On Tuesday, Texas IAVA stalwart Jamie Wang and I visited the office of Texas’ General Land Office Commissioner George P. Bush. He may be the scion of a famous family but he is also a skilled and committed public servant, veteran, and businessman. He is the only veteran elected to statewide office in this veteran-friendly state and oversees the “most important state agency you’ve never heard of.”
In his position as the GLO commissioner, Bush oversees the Veterans Land Board, which offers Texas veterans a set of benefits unmatched by any state. They can be found at www.TexasVeterans.com.
We attended at the invite of former VA deputy director and now Veterans Land Board director Bill McLemore and Texas treasure and former POW Ken Wallingford, both supporters and advisors to new vets and IAVA members in Texas.
Mr. Bush asked about IAVA’s legislative agenda, which is completely focused on the federal level, and any permanent membership status in the state. I told him there was none and that, since IAVA relies almost completely on volunteers like me, who have jobs, many in the government or non-profits dependent on same, there wasn’t much room for that kind of advocacy at the state level.
It is not that we don’t care or have strong, well-earned opinions on these issues, but the combination of prohibition on lobbying by government employees and the bandwidth of national IAVA make it nearly impossible and certainly ill advised. I explained to Mr. Bush that because of the dedication and vision of the small IAVA staff in New York and DC, they often seem much larger than they really are.
I shared this information with IAVA leadership, who encouraged me to write this blog.
There are some big fans of IAVA in Texas, and very dedicated volunteers like Jeff Hensley, Jamie, Richard Delgado in San Antonio, and more.
Texas has more OIF / OEF veterans than any other state. By 2019, when Texas is predicted to have more veterans than any other state overall, there should be about 350,000 Post-9/11 veterans, with California coming in second with less than 310,000.
Those of us in Texas often cry out – why doesn’t IAVA have a permanent presence here? I don’t know all the answers. Part of the answer is money. Part of the answer is the time of the volunteer set that grew up from the early days. Part of the answer may be that a robust group of Veteran Service Organizations already exist here (see – Lone Star Veterans, an amazing group of folks with a lot in common with IAVA www.LoneStarVeterans.org).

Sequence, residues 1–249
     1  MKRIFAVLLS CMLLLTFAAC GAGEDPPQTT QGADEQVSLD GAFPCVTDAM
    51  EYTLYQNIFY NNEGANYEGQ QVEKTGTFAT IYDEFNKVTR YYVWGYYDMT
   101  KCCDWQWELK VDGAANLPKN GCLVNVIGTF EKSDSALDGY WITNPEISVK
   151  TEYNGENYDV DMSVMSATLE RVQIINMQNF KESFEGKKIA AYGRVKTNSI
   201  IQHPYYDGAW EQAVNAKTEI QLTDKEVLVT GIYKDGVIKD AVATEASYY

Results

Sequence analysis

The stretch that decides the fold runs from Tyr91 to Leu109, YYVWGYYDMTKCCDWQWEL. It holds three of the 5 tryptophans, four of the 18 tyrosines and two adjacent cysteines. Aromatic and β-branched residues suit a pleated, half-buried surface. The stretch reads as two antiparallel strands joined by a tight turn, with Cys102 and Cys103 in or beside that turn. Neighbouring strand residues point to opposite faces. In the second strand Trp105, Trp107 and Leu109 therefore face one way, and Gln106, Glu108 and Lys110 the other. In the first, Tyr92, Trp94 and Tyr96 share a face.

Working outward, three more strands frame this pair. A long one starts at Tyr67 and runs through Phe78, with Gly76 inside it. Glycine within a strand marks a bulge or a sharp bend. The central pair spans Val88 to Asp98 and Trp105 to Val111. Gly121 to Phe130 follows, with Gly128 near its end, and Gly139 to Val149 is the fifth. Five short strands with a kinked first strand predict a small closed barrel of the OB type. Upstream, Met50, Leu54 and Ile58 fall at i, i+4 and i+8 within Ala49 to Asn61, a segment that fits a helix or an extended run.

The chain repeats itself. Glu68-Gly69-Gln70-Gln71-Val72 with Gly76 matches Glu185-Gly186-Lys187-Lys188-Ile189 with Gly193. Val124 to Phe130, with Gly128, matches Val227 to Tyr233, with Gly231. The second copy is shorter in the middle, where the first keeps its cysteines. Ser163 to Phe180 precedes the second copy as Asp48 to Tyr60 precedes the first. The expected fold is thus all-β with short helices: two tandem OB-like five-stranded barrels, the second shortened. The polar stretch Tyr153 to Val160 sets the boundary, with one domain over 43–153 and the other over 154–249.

Perhaps having a charismatic, elected official like the commissioner as a concerned member will be part of that answer. Mr. Bush at least considered our idea for a joint VLB-IAVA VetTogether.
I left Mr. Bush with the summary of IAVA’s legislative efforts in hand. He talked about particular bills, and he appeared to agree that we should not play politics with veterans issues. He seemed to appreciate that IAVA endorses certain pieces of legislation that afford veterans the benefits and services they earned, but that they don’t give carte blanche to any particular official or party.
We talked about connecting with younger vets and discussed social media strategies, in-person benefit fairs (which VLB is the king of already), and the opacity of different agencies to veterans (they don’t care about TVC vs. VLB vs. ADRC – just want to know what is there for “Texas Vets”), and how we at TexVet leverage our database with volunteers to match vulnerable vets with help they are seeking.
In the end, it was cordial meeting that highlighted the concerns of a fellow IAVA vet, the influence of this powerful organization and opportunities to do more. And, he has the best view out of an office window since we visited with Rep. Chet Edwards in DC during an early Storm the Hill. He also has a buffalo on his coin – points for that – and now an IAVA one as well: